From Protest to Parade: A Quick Look at Labor Day in the U.S.A.
- August 29, 2019
- Posted by: Lauren A. Pogue
- Category: Blog
Labor Day in the United States is this weekend; September 2nd. In the U.S., Labor Day is a federally observed holiday honoring the U.S. workforce. Many people celebrate the event with picnics, barbecues, pool parties and maybe even a parade or two, like the one that took place on September 5, 1882 in New York City (pictured right). The origin of Labor Day finds it roots during the 1880’s when, “the average American worked 12-hour days and seven-day weeks…” just to earn a basic living.1
In the midst of the Second Industrial Revolution, people of all ages, from the young to the old, worked in less than stellar working conditions. This time period was often marked by unsafe conditions and unsanitary facilities. These working conditions facilitated the creation of Labor Day as well as labor unions which sought to end these poor conditions through protests and strikes.
Many, but not all, of these protests became violent. For instance, the parade pictured above was not actually a celebration at all, but rather 10,000 workers banding together, taking unpaid leave from work. Their goal was to march from City Hall to Union Square in New York City in protest for safer working conditions and better pay. This march became a large, annual celebration and continues to this day.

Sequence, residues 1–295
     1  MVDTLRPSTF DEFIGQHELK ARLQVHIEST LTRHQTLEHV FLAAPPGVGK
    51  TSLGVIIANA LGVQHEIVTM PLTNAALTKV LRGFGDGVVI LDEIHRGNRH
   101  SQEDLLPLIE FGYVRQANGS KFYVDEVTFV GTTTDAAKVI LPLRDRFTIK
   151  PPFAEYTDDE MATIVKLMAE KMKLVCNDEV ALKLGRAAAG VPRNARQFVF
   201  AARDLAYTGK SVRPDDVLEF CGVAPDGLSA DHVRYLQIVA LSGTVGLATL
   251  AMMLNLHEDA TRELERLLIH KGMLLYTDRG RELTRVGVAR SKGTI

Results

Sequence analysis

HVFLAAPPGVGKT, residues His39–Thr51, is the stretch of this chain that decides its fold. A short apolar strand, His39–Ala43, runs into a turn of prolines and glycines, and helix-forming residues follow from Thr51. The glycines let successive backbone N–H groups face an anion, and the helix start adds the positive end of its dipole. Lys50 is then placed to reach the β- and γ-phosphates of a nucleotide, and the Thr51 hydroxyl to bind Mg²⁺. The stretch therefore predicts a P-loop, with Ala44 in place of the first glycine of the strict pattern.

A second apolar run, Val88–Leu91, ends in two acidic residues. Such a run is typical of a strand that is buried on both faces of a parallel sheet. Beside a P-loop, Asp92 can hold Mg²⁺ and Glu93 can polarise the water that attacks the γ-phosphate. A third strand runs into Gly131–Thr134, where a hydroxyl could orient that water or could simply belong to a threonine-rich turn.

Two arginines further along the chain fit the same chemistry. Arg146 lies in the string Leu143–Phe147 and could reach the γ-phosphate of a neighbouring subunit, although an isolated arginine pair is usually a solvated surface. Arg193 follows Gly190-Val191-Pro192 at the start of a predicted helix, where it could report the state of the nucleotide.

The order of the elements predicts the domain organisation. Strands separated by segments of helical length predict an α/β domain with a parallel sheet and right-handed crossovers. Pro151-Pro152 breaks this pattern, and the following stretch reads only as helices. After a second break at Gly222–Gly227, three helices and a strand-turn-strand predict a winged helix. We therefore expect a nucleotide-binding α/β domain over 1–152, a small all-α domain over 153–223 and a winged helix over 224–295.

This march became recognized as the first Labor Day and the idea quickly spread among other manufacturing centers in the U.S, with state legislatures passing laws recognizing the holiday. This became the first Labor Day and quickly spread among other manufacturing centers in the U.S, with state legislatures passing laws recognizing the holiday. The catalyst of recognition was the Pullman Railway Strike 12 years later, resulting in the holiday becoming federally acknowledged by U.S. President Grover Cleveland. The originator of the idea of Labor Day, however, is still unknown.
A major contribution to the Second Industrial Revolution in the U.S. and the urbanization of the manufacturing centers of the U.S. was the rise of the skyscraper. However, the skyscraper is highly impractical without the advent of one thing: the elevator. The elevator in its earliest form has been around for more than 2,000 years and many of the complex parts of the elevator have contributors from all over the globe, but the electric elevator, that was invented in New York City by Schuyler Wheeler (U.S.R.E. 10,585E). Originally issued on February 27, 1883, the patent was reissued on April 25, 1885. Wheeler’s invention utilized electricity to run a motorized elevator up and down the elevator shaft instead of steam in conjunction with a belt and counterweight.
Innovation like this provided opportunities for the United States working classes as they built some of our most memorable skylines. It is important that they, along with everyone that works hard every day, are recognized for their labors.
(1) History.com Editors, “Labor Day 2019,” History, A&E Television Networks, (Original: April 13 2010; Updated August 13 2019).